Poetics (Aristotle)

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Aristotle's Poetics (Greek: Περὶ ποιητικῆς, c. 335 BCE) aims to give an account of what he calls 'poetry' (for him, the term includes the lyric, the epos, and the drama). Aristotle attempts to explain 'poetry' through 'first principles' and by discerning its different genres and component elements. His analysis of tragedy constitutes the core of his discussion.[1] "Although Aristotle's Poetics is universally acknowledged in Western critical tradition," Marvin Carlson explains, "almost every detail about his seminal work has aroused divergent opinions."[2]


[edit] Core terms

  • Mimesis or 'imitation', 'representation'
  • Catharsis or, variously, 'purgation', 'purification', 'clarification'
  • Peripeteia or 'reversal'
  • Anagnorisis or 'recognition', 'identification'
  • Hamartia or 'miscalculation' (understood in Romanticism as 'tragic flaw')

[edit] Content

Aristotle taught that poetry could be divided into three genres: Tragedy, Comedy, and Epic verse. Poetics focuses mainly on tragedy; a second work by Aristotle focusing on comedy may have been written and subsequently lost. It has been speculated that the Tractatus coislinianus was an outline of his lectures on the subject, or notes from a philosopher in the Aristotelian tradition. The work contains the famous thesis that comedy originated from "those who lead off the phallic processions" that were still common in many towns in Aristotle's time.[3]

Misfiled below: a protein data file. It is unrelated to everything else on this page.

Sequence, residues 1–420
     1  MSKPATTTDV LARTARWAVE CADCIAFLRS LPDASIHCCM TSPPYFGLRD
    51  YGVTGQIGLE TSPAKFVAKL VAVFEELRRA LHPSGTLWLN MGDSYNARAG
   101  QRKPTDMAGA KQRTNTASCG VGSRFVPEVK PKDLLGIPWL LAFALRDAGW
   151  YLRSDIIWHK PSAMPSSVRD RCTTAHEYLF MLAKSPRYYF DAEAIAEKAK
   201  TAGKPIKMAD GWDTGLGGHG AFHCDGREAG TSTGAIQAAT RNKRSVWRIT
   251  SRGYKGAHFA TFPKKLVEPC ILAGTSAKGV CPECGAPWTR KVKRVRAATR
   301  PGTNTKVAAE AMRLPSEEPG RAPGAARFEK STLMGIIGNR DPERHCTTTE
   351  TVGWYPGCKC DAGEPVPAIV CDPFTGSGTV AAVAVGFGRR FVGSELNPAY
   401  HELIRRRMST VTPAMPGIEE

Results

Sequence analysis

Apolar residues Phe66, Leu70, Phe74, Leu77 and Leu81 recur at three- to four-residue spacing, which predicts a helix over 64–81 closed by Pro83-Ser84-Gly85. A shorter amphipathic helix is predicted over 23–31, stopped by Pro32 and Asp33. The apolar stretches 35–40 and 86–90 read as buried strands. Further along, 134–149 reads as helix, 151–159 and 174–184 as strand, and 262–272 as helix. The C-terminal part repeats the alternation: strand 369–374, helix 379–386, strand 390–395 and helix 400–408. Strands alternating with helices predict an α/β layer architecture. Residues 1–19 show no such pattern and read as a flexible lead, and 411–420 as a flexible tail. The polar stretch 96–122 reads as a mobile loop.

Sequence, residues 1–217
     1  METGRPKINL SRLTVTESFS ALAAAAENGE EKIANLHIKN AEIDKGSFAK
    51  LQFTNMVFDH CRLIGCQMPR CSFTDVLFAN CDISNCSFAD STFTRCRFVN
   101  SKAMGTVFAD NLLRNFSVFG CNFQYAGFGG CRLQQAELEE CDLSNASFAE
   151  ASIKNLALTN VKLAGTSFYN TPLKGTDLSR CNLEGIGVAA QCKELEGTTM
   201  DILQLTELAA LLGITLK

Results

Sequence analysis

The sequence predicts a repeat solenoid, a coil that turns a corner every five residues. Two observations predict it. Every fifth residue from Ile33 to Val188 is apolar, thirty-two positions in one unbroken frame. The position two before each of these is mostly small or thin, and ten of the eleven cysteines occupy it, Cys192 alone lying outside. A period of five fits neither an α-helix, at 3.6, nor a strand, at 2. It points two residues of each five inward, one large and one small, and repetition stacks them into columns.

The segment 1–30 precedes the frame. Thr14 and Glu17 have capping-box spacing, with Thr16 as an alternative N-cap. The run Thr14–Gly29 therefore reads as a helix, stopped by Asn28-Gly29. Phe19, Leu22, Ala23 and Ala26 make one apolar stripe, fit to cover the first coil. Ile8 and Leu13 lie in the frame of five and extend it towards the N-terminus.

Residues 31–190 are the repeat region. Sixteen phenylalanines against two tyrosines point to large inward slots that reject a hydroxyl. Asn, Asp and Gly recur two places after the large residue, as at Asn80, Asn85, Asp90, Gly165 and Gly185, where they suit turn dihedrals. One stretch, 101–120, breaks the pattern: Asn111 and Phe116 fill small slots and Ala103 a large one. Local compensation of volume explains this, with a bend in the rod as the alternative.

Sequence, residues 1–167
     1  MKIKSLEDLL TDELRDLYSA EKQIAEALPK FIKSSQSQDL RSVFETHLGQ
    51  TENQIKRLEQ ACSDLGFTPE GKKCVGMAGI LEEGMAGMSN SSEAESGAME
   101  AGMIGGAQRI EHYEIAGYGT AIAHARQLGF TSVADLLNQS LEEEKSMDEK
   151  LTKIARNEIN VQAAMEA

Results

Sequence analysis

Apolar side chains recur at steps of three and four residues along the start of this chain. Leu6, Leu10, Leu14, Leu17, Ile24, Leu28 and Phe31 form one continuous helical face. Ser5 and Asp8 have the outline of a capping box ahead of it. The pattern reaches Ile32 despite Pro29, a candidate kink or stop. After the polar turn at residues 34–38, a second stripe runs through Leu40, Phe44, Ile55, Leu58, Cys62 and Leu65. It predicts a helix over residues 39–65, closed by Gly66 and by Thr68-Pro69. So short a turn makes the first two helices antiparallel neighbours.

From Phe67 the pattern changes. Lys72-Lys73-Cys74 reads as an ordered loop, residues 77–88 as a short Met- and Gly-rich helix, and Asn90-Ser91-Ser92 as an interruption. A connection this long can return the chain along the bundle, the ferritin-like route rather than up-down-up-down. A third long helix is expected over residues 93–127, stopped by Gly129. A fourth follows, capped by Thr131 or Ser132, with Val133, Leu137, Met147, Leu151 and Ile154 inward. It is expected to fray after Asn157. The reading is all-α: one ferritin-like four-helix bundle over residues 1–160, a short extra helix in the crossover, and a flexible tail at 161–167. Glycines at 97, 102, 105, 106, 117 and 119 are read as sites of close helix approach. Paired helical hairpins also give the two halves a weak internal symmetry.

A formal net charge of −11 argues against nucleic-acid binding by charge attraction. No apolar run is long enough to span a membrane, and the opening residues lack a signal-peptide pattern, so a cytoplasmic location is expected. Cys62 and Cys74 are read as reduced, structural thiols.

The centerpiece of Aristotle's surviving work is his examination of tragedy:

Tragedy, then, is an imitation of an action that is serious, complete, and of a certain magnitude; in language embellished with each kind of artistic ornament, the several kinds being found in separate parts of the play; in the form of action, not of narrative; through pity and fear effecting the proper catharsis of these emotions.[4]

Aristotle distinguishes between the three genres of poetry in three ways: differences in the means, the objects and the modes of their imitations. The means cover language, rhythm, and harmony, used separately or in combination. The objects refer to actions, virtuous or vicious, and the agents, good or bad. As a complete whole in itself having beginning, middle, and end, every tragedy includes six parts: plot (mythos), character (ethos), thought (dianoia), diction (lexis), melody (melos), and spectacle (opsis). The key elements of the plot are reversals (peripeteia), recognitions (anagnorisis) and suffering (pathos). The best form of tragedy, Aristotle argues, has a plot that is what he calls "complex," it imitates actions arousing horror, fear and pity, and the hero's fortune changes from happiness to misery because of some tragic mistake (hamartia) that he or she makes. The horrific deed may be done consciously and knowingly (Medea), or unknowingly with knowledge following after (Oedipus); or it may be left undone, due to timely discovery, or to full knowledge present at the point of doing the deed. The characters must be good, appropriate, consistent, or consistently inconsistent, he argues.

This work combined with the Rhetoric make up Aristotle's works on aesthetics.

[edit] Influence